There's nothing like a good night's sleep, uninterrupted and peaceful, to help us wake up the next morning refreshed and ready for the challenges of a new day. Regardless of how many hours a day you think you need, we all need our sleep and relish those nights where we can awaken the next day feeling better than we did the night before
There is, however, at least one other important factor in determining how good a night's sleep we had and what benefits those hours gave us. Something happened during that time of self-imposed unconsciousness, and they are called dreams. They are as much a part of life as eating breakfast or reading our e-mail, but dreams also comprise a universal mystery expressed in one of the great two-part questions of our time, What exactly are dreams, and why do we have them?
Many experts – and, yes, we include the eminent Dr. Sigmund Freud in that group – have taken a stab for centuries at interpreting dreams and pinpointing the purposes they serve, and yet even in 2015 few definitive answers are out there. One apparent consensus, though, is that dreams apparently play an important role in maintaining our health (physical as well as psychological), while helping our minds to 'de-clutter,' sort of like what happen when we hit a key on our computer telling it to de-fragmentize itself.
Here's a few interesting facts – or maybe a better word is 'beliefs' – about dreams, compiled by Medical News Today: it is thought that everyone dreams three to six times a night (your inability many times to remember them doesn't change the fact they occurred); each dream last 5-20 minutes; dreaming can help you learn and develop long-term memories; about 95 percent of dreams are forgotten by the time you get out of bed; and the consumption of alcohol can affect not only sleep but also the quality of your dreams.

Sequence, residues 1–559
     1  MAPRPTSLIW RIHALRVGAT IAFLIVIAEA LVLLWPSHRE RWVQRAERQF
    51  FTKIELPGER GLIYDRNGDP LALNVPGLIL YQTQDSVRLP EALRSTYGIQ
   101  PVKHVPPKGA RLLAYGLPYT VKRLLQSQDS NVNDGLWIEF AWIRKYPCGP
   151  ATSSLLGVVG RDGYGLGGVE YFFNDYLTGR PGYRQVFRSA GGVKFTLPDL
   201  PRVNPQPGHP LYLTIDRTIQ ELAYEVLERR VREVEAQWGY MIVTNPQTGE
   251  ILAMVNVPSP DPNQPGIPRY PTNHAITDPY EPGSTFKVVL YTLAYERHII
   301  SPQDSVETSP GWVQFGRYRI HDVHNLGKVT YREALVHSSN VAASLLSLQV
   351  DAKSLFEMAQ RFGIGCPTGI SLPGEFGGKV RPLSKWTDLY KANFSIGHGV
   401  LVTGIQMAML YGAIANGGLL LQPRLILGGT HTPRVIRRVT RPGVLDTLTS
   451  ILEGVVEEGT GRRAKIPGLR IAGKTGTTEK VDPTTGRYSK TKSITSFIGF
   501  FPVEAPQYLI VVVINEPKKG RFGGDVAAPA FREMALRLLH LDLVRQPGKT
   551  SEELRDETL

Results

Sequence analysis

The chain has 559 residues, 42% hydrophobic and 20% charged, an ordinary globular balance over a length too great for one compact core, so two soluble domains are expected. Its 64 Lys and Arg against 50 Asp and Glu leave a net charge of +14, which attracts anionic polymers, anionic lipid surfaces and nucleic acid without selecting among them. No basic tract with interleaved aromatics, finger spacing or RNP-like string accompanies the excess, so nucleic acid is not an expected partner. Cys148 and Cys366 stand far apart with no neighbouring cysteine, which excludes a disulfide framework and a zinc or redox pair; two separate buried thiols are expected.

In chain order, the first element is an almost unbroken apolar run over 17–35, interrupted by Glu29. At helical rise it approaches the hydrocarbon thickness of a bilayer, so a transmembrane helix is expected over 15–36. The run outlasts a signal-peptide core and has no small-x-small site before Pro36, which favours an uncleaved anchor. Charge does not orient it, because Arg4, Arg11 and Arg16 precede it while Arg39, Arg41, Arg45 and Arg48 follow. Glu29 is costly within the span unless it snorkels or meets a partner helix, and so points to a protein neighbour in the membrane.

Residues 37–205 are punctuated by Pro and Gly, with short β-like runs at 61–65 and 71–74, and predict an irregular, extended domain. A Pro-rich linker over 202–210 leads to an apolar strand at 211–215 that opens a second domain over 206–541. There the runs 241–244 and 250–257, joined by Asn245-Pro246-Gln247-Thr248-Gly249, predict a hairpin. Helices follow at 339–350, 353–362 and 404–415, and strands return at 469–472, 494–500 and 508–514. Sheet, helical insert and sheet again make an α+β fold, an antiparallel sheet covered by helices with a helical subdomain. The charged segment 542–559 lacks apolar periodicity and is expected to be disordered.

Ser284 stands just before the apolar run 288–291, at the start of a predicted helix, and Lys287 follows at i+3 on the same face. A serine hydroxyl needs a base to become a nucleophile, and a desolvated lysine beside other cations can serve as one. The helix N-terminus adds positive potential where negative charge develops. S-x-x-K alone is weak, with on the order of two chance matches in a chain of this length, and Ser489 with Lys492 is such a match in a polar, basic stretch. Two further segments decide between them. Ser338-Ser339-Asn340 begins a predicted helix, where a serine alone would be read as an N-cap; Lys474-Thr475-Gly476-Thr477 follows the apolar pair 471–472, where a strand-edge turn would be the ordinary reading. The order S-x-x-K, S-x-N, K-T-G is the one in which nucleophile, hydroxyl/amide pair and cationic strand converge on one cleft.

The website also describes dreams as "a universal human experience … a state of consciousness characterized by sensory, cognitive and emotional occurrences during sleep." Among the possible explanations for why we have dreams are to represent unconscious desires, to process our experiences and information received that day, and to even function as a form of psychotherapy, helping us work through issues and, on a good night, giving us creative solutions and inspiration.
According to Psychology Today, former Beatle Paul McCartney came up with the group's hit song "Yesterday" while in his sleep: note the title. Legendary golfer Jack Nicklaus reportedly solved a nagging problem with his golf swing by working through it in a dream (imagine having that instructional video in your library). The author of this blog can vouch for this phenomenon, having, literally overnight, gone from being a relatively novice skier struggling to keep his feet together to a confident skier who could parallel ski on advanced slopes, all after a dream one night in which he could see and feel himself parallel skiing.
"There is a long-held view of dreams as a creative portal—and scientific study may be giving that belief some credence," says Psychology Today. "Evidence suggests that dreams may assist in daytime function and performance, especially as they relate to creativity and problem solving."
In delving further into what dreams are and why we have them, we do know from webmd.com that dreams, some more vivid than others, are stories and images our mind creates while we sleep. They can be quite rational or on the other end of the spectrum totally nonsensical, almost humorous in how far-fetched they can be. Most dreams take place during our REM (rapid eye movement) stage, when the brain is most active and which Medical News Today identifies as the fifth of five stages of our nightly sleep.
It is when people are awakened during the REM phase that they report bizarre dreams, typically illogical, although even those can be quickly forgotten. Studies have supported the notion that dreaming is crucial to our health and well-being, webmd.com reports. Researchers awakening study subjects just as they were drifting off into REM sleep have concluded that people who don't dream are more likely to experience anxiety, depression, weight gain, difficulty concentrating and decreased coordination, among other symptoms.
The moral of the story: get enough sleep and go to bed expecting your dreams to make you a better you by the time you wake up.